The other technique which seems useful is visualization. This has become a byword for the new-age "white lighters" attempts to influence their lives. That's OK, perhaps, but a directed study of the runes makes a better foundation, and the individual runes better objects for visualization, than a "glow." To visualize the rune while concentrating on its meanings makes it a part of you that can be "conjured up" (chuckle ...) when its properties are needed or felt. One side benefit of visualization is that it can help shape one's attitudes to more closely reflect one's desires. This is more helpful than it might sound.

Edred Thorsson's books provide expansion of this technique, and are a good place to follow up.

To a large extent, it is the elimination of those things that block or prevent one from feeling the magic which allows one to experience it. Other than the Abrahamic religions world view already discussed, what other things interfere? The single worst inhibition on a practical level comes from other people who do not themselves believe there can be such a thing as magic. These people, and they can be friends and family, are bound and determined that no shred of the supernatural will intrude in their dull lives. That it is simply not possible that the supernatural could be so accessible. It is not necessary to drop such friends, just be aware of this attitude when present, and be aware that it is the enemy of perception.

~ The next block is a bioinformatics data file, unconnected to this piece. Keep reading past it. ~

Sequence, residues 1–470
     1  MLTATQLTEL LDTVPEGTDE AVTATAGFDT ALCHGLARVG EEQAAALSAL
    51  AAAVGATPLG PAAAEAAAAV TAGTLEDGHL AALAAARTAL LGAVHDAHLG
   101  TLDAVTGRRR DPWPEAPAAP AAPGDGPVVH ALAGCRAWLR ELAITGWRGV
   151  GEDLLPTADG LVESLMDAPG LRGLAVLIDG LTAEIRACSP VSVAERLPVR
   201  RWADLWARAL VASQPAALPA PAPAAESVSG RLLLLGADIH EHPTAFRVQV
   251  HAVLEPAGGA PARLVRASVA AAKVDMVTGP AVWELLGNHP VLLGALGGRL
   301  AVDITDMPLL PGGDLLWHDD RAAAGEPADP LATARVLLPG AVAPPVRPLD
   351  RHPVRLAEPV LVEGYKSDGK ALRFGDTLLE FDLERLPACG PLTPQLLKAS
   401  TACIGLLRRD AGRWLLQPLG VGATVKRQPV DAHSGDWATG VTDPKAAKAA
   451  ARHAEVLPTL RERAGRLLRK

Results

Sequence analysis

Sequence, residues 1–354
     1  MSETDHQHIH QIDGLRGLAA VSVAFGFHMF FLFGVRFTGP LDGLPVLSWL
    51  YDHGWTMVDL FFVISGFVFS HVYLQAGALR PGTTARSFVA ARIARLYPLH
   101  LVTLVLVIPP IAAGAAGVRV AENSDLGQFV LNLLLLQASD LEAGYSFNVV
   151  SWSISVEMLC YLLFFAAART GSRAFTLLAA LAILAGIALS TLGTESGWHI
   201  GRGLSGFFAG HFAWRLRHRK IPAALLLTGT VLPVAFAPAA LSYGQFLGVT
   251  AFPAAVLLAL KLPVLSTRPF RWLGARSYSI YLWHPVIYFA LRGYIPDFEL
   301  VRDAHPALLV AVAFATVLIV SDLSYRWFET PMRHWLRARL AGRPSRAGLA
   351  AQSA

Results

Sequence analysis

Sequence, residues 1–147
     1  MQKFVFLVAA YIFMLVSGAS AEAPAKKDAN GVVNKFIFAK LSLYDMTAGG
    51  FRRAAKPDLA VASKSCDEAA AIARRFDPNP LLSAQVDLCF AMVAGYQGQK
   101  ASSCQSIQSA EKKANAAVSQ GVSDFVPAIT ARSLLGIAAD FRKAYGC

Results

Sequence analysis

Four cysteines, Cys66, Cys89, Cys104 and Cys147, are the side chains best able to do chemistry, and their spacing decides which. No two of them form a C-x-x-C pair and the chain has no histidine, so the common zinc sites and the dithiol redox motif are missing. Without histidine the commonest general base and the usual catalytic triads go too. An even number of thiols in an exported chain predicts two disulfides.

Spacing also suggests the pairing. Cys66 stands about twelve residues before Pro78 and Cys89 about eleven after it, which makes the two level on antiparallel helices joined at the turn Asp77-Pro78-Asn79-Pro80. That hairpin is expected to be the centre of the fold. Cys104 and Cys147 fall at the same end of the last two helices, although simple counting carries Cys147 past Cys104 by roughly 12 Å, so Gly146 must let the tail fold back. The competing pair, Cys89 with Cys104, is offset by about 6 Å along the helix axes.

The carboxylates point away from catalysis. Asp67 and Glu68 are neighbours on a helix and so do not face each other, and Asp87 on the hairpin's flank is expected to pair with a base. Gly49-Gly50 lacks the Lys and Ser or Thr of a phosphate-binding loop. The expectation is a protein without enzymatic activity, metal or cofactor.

Bureaucracy stifles magic. It may in fact be the very opposite of magic. The form-without-meaning proceduralization of daily life is certainly the opposite of the spontaneity which is characteristic of magic, not mention creativity. To the extent which magic is equated with life, bureaucracy stifles life itself. Anything which stifles creativity tends also to block magic.

Unresolved personal dilemmas tend to distract from a magical world view. Perhaps more importantly, it can lead to the unstable person seeing magic as a quick and dirty way out of personal problems. It is not. Attempting to use magic in this way inevitably leads to more problems. Yes, an awareness of magic adds tremendously to the meaningfulness of one's life, and makes one a more interesting person to be around, which can also help. But the idea that magic is simply a tool for personal power is wrong, and calls for a reminder of the "law of threefold return." An act of good or ill will is returned three times stronger to the sender. Truer words were never spoken: Heed them!

Do not worry if you do not feel the magic everywhere. Some things take time and effort. It is nonetheless there to be discovered in one of life's greatest adventures. Take the time to enjoy the "strange" feelings you get in the woods, the longings which crop up in your heart if you let them. They are the tip of a magical iceberg that never ends. Pay attention to the world around you, and the world will pay you back with a delight in every experience, even those we would rather not go through. Senses are not magic, per se, but can trigger that response which leads to an ever greater appreciation of the transcendent nature of all of our lives. The hero's life transcends the mundane by facing the unthinkable head on. Face all of reality, become aware of life, and magic will be everywhere.